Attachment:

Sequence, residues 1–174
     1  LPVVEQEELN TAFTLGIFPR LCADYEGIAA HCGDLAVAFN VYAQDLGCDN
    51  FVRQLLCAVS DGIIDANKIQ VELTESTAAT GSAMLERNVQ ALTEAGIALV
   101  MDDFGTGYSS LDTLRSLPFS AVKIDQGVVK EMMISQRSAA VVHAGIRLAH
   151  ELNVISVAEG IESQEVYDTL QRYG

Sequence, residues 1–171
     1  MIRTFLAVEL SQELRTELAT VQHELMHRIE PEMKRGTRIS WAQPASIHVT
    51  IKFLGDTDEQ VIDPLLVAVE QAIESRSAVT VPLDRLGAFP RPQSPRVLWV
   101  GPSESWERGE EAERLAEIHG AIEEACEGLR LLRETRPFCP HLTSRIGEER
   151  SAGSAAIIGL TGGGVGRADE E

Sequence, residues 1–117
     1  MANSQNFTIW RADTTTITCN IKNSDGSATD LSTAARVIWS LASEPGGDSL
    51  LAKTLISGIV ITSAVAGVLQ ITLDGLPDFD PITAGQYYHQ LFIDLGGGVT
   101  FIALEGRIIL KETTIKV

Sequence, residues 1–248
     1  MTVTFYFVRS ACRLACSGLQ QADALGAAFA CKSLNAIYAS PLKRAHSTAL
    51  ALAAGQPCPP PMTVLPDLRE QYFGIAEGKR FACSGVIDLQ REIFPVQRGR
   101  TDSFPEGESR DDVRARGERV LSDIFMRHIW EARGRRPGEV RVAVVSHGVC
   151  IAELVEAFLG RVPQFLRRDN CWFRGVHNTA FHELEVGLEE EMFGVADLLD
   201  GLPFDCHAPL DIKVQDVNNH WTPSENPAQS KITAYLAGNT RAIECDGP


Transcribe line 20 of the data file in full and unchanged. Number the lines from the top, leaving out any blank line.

   201  GLPFDCHAPL DIKVQDVNNH WTPSENPAQS KITAYLAGNT RAIECDGP